Many investors look ahead to certain events in their lives as they plan their retirement. These are mostly age-based milestones, the times when investors make financial decisions that will affect their retirement for better or for worse.
Milestone #1: Age 55: One of the earlier milestones in retirement planning comes at age 55. That’s the age when many retirement plans, including 401(k)s and defined and government pension plans, allow withdrawals without imposing a premature tax penalty — usually 10%. This can come in handy, especially for individuals who want to retire early. That’s more than enough reason to make 55 a milestone as you plan your retirement.
Milestone #2: Age 59½: Another milestone, one of the most popular ones for retirement planning, comes when you reach 59½ years old. That’s when you can take withdrawals from IRAs or qualified money without facing a premature penalty or an extra tax from the IRS. While often overlooked, when investors reach this age, many plans allow for an in-service rollover from a 401(k) plan to an IRA even while you continue to work and contribute to the 401(k). That’s important, especially as 401(k)s are increasingly offering limited choices and options. This is a huge milestone for many investors, giving people the ability to retire if they have saved enough when reaching this age.
Milestone #3: Age 62 (Age 60 is widow): As we enter our 60s, we face additional milestones. Starting at age 62, we can begin taking early Social Security payments. Many investors use this age as their retirement date when they should be relying on other milestones instead. While many of us want to take Social Security early, there are some drawbacks. Taking Social Security early could lead to a 25% reduction in lifetime benefits. Income restrictions also come into play when you take Social Security early. These pitfalls serve as important reminders on why it’s important to rely on an experienced and knowledgeable financial adviser as you plan your retirement.
Milestone #4: Age 65: Another milestone comes at age 65, when most of us are eligible for Medicare, which is increasingly important as health care ranks as one of the top concerns and expenses for many retirees. Even if you are planning to collect Social Security later, you should file for Medicare three months before you turn 65. Many traditional defined benefit plans, usually offered through employers, set 65 as the normal retirement date, making this an important milestone for many of us as we plan our retirements.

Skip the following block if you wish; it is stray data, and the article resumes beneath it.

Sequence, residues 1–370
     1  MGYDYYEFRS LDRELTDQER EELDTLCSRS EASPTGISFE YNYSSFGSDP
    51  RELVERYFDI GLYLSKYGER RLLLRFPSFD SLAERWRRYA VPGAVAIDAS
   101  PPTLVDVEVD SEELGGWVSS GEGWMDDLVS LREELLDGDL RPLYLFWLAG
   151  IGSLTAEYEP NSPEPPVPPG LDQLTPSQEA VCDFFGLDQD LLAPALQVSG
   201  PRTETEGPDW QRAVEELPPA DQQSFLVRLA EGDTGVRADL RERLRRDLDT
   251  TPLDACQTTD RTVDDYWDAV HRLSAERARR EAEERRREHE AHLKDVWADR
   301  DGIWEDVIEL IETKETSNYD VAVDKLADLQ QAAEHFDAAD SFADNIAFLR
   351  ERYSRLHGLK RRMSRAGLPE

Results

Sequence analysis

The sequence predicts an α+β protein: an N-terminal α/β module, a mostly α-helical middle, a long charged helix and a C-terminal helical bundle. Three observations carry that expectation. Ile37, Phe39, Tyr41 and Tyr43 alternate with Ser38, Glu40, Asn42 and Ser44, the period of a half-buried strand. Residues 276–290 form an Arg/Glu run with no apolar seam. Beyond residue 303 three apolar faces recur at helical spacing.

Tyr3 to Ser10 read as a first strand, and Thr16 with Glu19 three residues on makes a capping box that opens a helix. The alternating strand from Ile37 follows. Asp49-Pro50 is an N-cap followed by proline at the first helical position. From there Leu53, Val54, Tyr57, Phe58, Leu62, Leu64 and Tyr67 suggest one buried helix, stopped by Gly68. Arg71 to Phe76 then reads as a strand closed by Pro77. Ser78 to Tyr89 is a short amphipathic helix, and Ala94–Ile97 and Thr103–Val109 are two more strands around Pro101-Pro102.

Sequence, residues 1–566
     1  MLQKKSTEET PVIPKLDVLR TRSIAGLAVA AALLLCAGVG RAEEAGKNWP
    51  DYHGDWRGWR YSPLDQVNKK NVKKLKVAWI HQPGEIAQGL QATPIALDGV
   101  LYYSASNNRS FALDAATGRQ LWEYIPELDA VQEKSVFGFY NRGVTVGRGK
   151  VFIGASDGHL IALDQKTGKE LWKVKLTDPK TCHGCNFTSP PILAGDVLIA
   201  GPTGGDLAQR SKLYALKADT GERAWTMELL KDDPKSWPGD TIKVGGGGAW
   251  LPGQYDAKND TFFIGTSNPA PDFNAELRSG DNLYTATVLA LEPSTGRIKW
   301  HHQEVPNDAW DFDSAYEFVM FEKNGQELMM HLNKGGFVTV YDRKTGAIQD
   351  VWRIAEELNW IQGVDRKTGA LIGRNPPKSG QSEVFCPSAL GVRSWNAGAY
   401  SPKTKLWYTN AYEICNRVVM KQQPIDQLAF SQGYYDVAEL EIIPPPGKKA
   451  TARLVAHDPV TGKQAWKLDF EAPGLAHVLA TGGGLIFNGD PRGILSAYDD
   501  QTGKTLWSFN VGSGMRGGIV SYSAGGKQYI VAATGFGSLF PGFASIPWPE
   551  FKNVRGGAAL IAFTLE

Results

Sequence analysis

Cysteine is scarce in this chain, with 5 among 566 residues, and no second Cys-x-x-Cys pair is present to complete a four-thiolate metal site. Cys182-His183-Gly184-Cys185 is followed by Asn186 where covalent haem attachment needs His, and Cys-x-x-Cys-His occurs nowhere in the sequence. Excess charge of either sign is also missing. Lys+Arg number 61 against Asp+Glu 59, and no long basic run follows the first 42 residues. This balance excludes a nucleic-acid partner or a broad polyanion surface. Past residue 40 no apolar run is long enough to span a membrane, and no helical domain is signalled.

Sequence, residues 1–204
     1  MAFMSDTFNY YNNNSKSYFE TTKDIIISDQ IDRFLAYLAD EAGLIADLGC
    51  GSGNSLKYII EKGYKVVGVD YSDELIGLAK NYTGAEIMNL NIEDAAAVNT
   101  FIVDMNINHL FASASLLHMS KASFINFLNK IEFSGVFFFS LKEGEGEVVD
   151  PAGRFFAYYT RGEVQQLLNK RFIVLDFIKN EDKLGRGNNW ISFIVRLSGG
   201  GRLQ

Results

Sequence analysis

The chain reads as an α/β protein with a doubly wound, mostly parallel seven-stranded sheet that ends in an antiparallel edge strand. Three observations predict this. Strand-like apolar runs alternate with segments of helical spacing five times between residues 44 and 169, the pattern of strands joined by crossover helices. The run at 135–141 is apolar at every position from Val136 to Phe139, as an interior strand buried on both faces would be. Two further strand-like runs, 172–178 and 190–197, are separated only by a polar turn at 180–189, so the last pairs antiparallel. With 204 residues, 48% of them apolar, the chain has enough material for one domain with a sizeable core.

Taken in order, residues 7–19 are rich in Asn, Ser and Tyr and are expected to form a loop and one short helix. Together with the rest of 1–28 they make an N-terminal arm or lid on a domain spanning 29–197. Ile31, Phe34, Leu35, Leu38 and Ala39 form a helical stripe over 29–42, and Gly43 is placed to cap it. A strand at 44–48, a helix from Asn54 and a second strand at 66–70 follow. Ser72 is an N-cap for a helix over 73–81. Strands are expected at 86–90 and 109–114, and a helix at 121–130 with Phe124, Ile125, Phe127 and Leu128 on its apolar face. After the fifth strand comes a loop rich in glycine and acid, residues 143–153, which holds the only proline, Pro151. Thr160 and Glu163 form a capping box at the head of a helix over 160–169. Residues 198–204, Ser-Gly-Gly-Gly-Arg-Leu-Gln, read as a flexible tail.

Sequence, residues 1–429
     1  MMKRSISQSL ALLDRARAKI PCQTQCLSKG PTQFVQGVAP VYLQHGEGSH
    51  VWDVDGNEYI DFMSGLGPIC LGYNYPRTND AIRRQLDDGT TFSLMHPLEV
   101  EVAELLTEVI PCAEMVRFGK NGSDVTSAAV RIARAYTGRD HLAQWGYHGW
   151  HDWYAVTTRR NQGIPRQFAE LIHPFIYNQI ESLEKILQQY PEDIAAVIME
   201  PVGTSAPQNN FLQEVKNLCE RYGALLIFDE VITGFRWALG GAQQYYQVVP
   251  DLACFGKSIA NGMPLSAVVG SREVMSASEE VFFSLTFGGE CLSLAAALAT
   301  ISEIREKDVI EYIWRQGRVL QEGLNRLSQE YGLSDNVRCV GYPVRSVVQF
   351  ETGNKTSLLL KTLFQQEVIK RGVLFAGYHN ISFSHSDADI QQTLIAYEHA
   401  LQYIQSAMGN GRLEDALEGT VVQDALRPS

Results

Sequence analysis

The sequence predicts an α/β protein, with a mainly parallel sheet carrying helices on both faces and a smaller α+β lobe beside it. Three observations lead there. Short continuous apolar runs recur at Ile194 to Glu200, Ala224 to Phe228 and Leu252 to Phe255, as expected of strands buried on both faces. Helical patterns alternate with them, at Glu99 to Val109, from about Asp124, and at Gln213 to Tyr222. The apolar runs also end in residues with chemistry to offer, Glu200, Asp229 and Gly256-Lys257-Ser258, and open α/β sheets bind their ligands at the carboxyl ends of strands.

Milestone #5: Full Retirement Age: Reaching the age to collect full Social Security is another milestone. For those born between 1943-1954, the full Social Security age is when we reach 66. Those of us born in the latter half of the 1950s reach the age to collect full Social Security between our 66th and 67th birthdays. Those of us born in 1960 or after have to wait until we are 67 to collect full Social Security. There are no income restrictions if we take Social Security when we reach that age to fully collect it and, usually, there’s a dramatic increase in income compared with starting to collect when you reach 62.
Milestone #6: Age 70: Another milestone comes when you reach 70. If you hold off until you hit 70 to start collecting Social Security, you usually see an 8% increase in your benefits for every year past your full retirement age. There’s no benefit to waiting until after 70 to start collecting Social Security.
Milestone #7: Age 72 (or 73 if you reach age 72 after December 2022): The last age-based milestone comes at 72 (or 73), which is the required minimum distribution age. This is when you are required to take an annual withdrawal from your IRA or qualified accounts whether you need the income or not. If you are still working, you are not required to take withdrawals from your current employer plan.
These are just some important things to consider and begin to answer. For greater peace of mind, now is the time to contact me to discuss your financial plan.